As the daily noon bell rings at Ohlone Elementary School in Palo Alto, most children think of one thing — recess.
But for 10-year-old Taylor DeGroff, it is another reminder that she is a little different than the rest of her classmates.
“I’m really used to it by now,” she said, recalling the daily routine of waiting for the school nurse to check her blood sugar level and administer an insulin shot before playing with her peers.
Diagnosed with Type 1 diabetes at 2 years old, DeGroff is one of two Bay Area children chosen to raise awareness at this year’s Juvenile Diabetes Research Foundation’s Children’s Congress in Washington, D.C. San Francisco’s Sarah Young, 13, will join DeGroff and 148 other Type 1 minors Monday through Wednesday on Capitol Hill.
Both girls, despite battling an illness that affects about 3 million Americans, can barely contain their excitement about heading to Washington to put a face on the disease for which there is no cure.
“I’m really excited and I think that it’s really important to get politicians to know how important [Type 1 diabetes] is,” said Young, who was diagnosed about three years ago after losing 25 pounds during a summer and attends San Francisco Day School. “When I first got diagnosed, it was harder than it is now. Now, I’m used to it.”
Despite DeGroff and Young acknowledging excitement for raising awareness for Type 1 and claiming that they are used to the daily insulin shots, their parents find it difficult to describe the situation as normal.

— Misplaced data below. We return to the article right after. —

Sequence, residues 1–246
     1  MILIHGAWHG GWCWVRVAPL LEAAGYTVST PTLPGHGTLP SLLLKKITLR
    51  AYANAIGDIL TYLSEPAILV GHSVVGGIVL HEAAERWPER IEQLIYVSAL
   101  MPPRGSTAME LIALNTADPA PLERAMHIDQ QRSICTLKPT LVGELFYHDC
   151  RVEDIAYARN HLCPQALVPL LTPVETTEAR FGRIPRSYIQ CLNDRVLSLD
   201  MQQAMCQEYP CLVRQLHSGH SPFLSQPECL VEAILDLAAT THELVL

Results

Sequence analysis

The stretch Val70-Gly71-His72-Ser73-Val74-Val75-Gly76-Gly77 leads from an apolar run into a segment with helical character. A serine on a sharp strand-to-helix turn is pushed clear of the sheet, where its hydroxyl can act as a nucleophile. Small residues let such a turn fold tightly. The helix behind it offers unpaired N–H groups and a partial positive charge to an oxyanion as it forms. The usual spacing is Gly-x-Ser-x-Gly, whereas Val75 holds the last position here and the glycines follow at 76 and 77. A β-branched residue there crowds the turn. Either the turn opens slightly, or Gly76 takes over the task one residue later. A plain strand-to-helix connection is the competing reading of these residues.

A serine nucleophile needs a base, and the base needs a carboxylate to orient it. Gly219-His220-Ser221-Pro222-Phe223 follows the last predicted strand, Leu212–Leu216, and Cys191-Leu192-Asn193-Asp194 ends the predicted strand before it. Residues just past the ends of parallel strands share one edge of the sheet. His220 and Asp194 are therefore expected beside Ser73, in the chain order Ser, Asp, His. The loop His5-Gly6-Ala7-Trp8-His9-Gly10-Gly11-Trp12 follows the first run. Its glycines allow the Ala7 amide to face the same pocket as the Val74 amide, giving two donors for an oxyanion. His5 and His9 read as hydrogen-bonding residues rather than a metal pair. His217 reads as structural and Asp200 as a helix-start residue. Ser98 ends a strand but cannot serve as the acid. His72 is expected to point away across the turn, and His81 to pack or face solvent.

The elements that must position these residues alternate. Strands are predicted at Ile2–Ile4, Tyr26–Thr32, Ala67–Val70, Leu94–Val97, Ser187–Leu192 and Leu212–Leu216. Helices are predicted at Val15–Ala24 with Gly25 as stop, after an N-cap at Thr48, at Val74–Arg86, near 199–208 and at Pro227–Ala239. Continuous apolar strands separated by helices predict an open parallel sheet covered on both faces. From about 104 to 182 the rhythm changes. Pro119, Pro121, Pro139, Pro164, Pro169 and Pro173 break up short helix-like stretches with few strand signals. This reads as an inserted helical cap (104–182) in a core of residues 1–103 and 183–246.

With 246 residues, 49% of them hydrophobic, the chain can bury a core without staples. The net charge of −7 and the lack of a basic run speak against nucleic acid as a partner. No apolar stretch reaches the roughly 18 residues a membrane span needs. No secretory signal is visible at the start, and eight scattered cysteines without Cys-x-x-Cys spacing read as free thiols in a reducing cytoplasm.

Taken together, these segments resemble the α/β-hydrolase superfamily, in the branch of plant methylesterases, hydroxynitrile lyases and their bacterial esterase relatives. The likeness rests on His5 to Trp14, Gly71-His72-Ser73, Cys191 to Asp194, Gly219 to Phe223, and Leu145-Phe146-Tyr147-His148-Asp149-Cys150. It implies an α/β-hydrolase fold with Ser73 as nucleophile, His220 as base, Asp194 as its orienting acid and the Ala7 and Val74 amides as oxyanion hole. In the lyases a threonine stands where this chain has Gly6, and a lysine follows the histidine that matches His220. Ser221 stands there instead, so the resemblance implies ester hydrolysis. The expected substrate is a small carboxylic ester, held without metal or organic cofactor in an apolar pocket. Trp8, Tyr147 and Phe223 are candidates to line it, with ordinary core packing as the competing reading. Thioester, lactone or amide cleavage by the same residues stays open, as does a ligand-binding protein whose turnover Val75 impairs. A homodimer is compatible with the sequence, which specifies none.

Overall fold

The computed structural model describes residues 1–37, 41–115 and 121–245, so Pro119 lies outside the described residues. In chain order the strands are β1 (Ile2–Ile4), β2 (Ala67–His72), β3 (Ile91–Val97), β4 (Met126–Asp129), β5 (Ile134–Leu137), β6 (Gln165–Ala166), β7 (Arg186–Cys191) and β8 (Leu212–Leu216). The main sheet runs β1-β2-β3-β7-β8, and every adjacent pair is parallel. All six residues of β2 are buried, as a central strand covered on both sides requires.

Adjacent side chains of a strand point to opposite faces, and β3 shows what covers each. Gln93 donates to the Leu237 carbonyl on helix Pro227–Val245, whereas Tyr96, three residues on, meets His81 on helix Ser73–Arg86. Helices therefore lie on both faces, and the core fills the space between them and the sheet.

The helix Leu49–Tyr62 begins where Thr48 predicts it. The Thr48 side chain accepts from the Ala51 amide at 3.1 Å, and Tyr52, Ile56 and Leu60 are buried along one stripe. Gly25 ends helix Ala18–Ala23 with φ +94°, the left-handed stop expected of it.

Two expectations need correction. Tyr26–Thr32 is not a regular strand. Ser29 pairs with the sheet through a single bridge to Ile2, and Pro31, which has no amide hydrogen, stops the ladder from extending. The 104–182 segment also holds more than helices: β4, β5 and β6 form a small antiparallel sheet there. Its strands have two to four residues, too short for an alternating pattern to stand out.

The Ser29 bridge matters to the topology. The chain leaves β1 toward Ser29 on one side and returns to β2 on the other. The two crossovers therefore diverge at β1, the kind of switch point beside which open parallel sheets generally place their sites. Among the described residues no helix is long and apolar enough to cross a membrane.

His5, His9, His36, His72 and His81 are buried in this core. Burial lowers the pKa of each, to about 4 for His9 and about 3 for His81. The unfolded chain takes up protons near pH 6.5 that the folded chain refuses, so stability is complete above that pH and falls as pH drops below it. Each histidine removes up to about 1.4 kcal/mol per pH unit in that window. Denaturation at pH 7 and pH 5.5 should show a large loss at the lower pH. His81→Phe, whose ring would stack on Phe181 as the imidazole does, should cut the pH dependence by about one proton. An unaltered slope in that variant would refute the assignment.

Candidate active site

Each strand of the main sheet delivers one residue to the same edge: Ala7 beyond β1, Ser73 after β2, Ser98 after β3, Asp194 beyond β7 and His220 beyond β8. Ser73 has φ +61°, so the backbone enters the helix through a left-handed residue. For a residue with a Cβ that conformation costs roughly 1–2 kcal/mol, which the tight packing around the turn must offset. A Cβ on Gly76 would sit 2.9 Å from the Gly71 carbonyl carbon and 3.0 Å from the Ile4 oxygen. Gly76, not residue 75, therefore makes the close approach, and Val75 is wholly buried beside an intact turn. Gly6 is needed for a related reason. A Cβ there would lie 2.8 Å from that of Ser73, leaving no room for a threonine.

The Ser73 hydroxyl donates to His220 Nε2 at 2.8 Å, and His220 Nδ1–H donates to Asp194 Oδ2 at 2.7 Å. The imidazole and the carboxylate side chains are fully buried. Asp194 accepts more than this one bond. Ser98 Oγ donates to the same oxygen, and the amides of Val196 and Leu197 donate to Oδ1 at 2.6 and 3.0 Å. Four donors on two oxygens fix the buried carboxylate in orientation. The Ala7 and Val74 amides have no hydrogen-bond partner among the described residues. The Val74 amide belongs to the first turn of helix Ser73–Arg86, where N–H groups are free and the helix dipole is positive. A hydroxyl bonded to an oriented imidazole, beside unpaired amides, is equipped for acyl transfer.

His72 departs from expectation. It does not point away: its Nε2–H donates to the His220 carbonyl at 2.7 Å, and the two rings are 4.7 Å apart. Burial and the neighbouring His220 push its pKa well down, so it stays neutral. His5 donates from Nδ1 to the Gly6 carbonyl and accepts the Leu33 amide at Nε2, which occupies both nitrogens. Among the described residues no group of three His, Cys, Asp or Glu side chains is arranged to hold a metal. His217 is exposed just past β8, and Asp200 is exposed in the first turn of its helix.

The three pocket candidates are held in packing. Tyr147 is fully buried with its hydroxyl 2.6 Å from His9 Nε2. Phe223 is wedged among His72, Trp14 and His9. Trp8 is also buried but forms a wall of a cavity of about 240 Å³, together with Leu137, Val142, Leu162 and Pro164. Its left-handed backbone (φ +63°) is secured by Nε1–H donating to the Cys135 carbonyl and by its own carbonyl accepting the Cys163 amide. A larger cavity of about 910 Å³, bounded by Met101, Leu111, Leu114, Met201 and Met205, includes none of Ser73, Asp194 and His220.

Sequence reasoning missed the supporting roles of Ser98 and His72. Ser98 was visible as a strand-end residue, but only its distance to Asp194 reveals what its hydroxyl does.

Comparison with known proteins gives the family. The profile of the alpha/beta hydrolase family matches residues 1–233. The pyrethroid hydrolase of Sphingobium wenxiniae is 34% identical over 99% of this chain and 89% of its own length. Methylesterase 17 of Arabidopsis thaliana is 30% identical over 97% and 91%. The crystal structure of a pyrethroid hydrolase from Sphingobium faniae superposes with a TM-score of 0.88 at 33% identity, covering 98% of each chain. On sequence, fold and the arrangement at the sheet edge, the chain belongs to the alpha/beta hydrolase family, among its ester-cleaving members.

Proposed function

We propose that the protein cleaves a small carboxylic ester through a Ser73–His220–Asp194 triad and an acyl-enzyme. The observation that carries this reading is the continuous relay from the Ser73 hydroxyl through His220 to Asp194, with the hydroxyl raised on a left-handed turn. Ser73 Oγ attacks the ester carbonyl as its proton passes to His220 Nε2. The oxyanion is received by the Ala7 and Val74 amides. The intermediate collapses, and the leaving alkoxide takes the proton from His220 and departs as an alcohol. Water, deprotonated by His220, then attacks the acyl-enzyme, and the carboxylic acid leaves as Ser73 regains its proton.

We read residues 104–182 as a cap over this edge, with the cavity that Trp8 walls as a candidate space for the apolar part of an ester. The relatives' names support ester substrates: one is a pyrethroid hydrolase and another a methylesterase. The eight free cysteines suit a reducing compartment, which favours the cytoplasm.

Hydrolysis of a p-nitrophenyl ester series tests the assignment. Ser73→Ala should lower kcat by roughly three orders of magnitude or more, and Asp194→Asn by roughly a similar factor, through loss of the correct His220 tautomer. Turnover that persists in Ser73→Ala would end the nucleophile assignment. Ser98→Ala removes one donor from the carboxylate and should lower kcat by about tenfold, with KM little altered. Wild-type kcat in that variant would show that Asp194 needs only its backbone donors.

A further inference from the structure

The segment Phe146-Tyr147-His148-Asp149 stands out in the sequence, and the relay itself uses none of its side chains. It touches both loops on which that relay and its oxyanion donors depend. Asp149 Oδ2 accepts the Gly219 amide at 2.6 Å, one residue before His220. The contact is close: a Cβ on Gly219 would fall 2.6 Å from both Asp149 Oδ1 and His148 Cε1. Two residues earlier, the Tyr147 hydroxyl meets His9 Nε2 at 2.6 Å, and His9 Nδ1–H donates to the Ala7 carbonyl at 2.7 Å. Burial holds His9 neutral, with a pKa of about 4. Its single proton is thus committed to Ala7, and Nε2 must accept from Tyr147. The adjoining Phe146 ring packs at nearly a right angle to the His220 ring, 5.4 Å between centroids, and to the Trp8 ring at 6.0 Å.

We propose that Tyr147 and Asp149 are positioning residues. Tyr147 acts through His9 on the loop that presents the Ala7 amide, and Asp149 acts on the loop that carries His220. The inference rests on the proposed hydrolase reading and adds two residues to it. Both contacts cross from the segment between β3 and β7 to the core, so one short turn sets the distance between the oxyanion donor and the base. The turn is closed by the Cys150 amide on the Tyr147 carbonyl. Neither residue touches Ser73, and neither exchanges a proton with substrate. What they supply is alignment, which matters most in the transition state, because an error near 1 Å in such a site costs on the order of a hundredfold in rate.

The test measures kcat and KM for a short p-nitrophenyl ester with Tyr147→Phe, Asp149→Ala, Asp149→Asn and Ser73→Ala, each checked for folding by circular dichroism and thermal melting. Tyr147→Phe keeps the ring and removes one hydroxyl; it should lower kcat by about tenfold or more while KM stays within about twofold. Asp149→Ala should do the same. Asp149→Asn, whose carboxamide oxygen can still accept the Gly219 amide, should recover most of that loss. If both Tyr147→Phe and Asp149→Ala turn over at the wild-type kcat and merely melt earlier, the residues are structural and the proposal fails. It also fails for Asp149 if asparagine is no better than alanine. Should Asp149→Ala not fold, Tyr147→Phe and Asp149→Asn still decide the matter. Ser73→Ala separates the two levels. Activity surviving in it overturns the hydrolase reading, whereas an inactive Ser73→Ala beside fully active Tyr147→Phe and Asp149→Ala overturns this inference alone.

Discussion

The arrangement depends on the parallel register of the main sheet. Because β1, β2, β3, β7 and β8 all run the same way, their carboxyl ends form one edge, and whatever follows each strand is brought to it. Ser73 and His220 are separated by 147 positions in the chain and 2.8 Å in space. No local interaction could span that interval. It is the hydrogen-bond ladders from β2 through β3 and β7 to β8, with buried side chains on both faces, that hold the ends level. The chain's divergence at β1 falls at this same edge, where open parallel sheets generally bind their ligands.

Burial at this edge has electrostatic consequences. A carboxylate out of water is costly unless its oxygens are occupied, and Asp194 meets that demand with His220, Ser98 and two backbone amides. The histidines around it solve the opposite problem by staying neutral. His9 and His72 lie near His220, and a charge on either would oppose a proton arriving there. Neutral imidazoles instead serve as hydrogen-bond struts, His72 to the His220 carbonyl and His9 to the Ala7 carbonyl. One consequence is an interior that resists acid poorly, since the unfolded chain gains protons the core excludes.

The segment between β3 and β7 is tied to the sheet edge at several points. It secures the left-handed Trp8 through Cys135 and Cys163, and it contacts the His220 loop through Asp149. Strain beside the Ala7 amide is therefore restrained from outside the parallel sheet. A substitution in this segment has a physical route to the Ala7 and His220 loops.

“Taylor is a very active girl,” said Dain DeGroff, her father. “You never want to hold a kid back.”
Every year, Taylor DeGroff has to make the announcement to her class about her illness.
“It takes a lot to say ‘I’m different,’” Dain GeGroff said. “It takes a lot of courage.”
But while Taylor DeGroff said she has grown accustomed to having to wait for the school nurse to check her blood pressure before running off for lunch time, Dain DeGroff still struggles.
“That’s what is most frustrating,” Dain DeGroff said, recalling stories that Taylor DeGroff had to sit and wait for the nurse during recess while the rest of the kids played. “It’s just a lot. It’s asking them to mature a lot earlier.”
Sarah’s mother, Rosemary Tarlton, concurs.
“It’s something that she has to deal with,” Tarlton said, recalling when Young’s previously healthy body was starving itself. “It was very scary.”
A self-proclaimed “Gleek,” Young is now at the stage where she can take jelly beans whenever her blood sugar is low before a run.
“I think this trip to Washington ... it’s not about how awful [Type 1 diabetes] is,” Tarlton said. “But through science, maybe someday she won’t have to prick her finger 10 times a day.”
Joining the students will be JDRF International Chairman Mary Tyler Moore, who is also Type 1. Students at the congress, which takes place every other year, have met the president in previous years, though it is unknown if they will meet President Barack Obama this week.
What: Juvenile Diabetes Research Foundation’s Children’s Congress
When: Monday through Wednesday
Where: Capitol Hill, Washington, D.C.
What: 150 children representing 50 states and seven countries.
Goal: Raise awareness about Type 1 or juvenile diabetes and increase congressional support to find better treatment and a cure. The event has been held every other year since 1999. About 3 million Americans may have Type 1. Each year, more than 15,000 children and 15,000 adults are diagnosed with Type 1 in the U.S.
Source: Juvenile Diabetes Research Foundation